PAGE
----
The Four Biggest Differences Between Nonprofit and For-profit Accounting
There are several differences between a for profit and a not-for-profit organization. In this article we will hone in on what we consider to be the top four differences.
1. Mission Why is this organization in existence? What is its purpose? All companies have a purpose, but there is a clear difference between a for profit and a not-for-profit organization. They each have goals with desired outcomes, and they each employee similar types of staff for the administration operation (i.e., accountants, COO, CFO, CEO). The chief difference in the mission of a for profit company is the objective to make profit, whereas a not-for-profit does not make profit its goal. The not-for-profit mission is to provide a service with a particular goal or achievement for society. Both the for profit and not-for-profit strive to obtain success in its mission. The for-profit success is typically determined by its net profit or gross sales. Of course, there are other variables the for-profit organization must consider, more than can be explained in this blog. The not-for-profit organization measures success based on its ability to accomplish its program purpose. For example, the success of the not-for-profit could be medical/housing assistance for a group of the population. 2. Funders and Accounting Okay, technically this bullet point is referencing two areas of differences. To keep my synopsis to four areas, I decided to group these two differences in one bullet point. Now that we understand the purpose of both types of entities, our next key difference is determining how each organization is funded. A for profit organization primarily generate revenue from sales; sales of products and/or services. In addition, if the for-profit organization decides to go public, they will also generate revenue by selling shares of stock to the public.
The not-for-profit organization primarily generate revenue from contributions/donations. A key revenue stream for many of these organizations is from government assistance, via grants and/or contracts. These revenue streams can come with restrictions of use.
The area of accounting is another difference that can be confusing to many readers. Not-for-profit organizations maintain its records using fund accounting. One important difference is in the formula Assets = Liabilities + Owner’s Equity or Net Assets. Here we have:
Not-for-profit organizations do not have any owner’s equity, but they have net assets. In this type of organization, the net assets are the value of the assets minus its liabilities. It is the value that the organization owns. It has a similar concept as net worth for individuals or owner’s equity because it is the organization’s worth. These net assets can be unrestricted or restricted.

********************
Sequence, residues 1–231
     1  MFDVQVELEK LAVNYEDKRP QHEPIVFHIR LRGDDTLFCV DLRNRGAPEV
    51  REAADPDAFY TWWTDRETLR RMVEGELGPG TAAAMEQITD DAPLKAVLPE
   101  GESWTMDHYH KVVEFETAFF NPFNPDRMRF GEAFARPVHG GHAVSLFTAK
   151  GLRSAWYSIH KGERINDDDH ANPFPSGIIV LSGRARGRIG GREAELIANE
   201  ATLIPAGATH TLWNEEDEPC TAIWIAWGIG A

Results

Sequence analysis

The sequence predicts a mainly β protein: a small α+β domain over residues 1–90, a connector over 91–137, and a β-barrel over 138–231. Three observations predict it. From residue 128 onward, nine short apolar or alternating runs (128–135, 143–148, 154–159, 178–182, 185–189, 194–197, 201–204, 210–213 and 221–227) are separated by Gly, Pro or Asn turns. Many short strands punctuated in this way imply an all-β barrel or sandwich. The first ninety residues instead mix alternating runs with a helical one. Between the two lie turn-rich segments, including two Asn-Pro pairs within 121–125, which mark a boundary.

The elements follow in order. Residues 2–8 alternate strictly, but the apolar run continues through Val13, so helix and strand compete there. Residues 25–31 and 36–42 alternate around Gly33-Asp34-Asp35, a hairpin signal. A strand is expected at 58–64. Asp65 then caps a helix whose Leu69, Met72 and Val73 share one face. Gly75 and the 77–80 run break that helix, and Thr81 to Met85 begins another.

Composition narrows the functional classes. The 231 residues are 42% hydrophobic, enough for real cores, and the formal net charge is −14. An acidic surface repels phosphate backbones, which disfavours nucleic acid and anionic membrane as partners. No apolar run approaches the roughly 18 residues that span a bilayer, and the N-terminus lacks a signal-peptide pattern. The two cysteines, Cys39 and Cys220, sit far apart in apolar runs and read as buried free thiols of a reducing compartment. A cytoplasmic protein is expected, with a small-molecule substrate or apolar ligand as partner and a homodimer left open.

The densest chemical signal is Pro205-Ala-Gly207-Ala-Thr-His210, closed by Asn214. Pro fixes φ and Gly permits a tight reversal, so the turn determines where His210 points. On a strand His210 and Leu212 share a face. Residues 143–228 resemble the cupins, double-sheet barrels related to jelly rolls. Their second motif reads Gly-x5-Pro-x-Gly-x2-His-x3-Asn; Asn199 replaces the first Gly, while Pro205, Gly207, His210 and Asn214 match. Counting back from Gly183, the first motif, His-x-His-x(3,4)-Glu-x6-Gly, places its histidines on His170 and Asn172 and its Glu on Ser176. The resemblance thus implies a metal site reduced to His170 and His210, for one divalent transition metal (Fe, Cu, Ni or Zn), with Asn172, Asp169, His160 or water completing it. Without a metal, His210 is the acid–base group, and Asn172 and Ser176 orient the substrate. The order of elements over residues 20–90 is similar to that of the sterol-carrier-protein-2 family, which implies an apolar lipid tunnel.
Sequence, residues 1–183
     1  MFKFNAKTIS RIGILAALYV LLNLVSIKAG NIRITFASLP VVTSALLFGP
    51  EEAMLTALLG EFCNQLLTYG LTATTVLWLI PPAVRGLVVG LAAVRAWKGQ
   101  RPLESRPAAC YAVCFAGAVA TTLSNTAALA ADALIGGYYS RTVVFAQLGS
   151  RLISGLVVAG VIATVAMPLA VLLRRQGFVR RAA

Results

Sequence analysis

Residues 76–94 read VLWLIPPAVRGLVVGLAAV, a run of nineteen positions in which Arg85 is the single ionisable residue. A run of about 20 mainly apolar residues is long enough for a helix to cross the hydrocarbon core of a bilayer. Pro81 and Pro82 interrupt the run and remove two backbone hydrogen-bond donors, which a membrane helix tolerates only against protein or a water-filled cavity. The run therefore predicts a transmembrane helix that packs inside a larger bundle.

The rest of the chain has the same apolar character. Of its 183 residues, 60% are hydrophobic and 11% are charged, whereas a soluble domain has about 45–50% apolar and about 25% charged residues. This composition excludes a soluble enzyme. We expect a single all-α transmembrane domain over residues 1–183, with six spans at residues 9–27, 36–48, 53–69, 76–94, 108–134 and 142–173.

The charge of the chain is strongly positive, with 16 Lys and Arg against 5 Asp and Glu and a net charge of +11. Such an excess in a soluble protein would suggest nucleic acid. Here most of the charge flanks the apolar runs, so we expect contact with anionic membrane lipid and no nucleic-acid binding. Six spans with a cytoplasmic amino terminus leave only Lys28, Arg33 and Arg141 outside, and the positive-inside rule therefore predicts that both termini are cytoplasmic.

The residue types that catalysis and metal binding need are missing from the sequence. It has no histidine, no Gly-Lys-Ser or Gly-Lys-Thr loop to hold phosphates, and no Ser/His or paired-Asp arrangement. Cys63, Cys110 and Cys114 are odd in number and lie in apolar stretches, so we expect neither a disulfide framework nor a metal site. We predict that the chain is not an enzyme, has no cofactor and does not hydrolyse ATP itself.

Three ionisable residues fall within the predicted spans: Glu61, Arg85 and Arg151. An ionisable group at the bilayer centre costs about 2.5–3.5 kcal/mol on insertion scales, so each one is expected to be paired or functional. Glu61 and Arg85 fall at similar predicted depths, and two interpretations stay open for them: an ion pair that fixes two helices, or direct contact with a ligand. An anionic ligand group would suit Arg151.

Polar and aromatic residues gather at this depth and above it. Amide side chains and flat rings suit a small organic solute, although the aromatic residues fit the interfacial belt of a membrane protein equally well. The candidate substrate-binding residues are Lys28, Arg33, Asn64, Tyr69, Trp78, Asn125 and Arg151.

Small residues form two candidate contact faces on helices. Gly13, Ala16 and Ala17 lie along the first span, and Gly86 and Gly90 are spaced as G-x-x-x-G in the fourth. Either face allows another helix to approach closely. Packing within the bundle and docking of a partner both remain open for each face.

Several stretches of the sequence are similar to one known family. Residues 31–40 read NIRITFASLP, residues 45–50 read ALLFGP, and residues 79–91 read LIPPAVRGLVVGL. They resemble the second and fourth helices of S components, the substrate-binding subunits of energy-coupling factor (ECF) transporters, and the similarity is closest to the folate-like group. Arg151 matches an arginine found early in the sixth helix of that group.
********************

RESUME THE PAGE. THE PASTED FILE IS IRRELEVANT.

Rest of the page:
The for-profit organization calculation is the same as above but has a different meaning. The owner’s equity includes money invested by the owners of the business, plus profits of the business minus withdrawals by the owners. Minus money owed to others. The bottom line, it is the value of the company that can be claimed by its owners.
3. Taxation Not-for-profit organizations are typically registered as such, a 501(c)3 organization. This allows the organization to report its services to the government without having to pay a portion of its earnings back to the government. In addition, individuals and businesses that donate to these registered organizations are allowed a tax deduction on these contributions. The for-profit organization is not granted such a tax benefit. For-profits must pay taxes based on the applicable tax law. This is an area for-profit organizations should seek advice from a business tax accountant to better prepare for annual tax billing. 4. Leadership This is probably one of my favorite differences to discuss, because there is so much to consider when describing the leadership of these two types of organizations. It is clear how the leadership structure of a for-profit work. Leadership roles are contingent on whether the for-profit organization is privately held or a publicly traded company. In both, leaders of all types have some stake in the financial success of the company, be it the CEO, boards, or stakeholders. Why? Because the profitability of the organization, can result in incentives, including bonuses and/or profit sharing. In contrast, the not-for-profit leadership does include a CEO, but the organization’s direction is led by the board of directors. The board of directors are made up of individuals who purpose is to guide the organization’s future without direct financial ownership.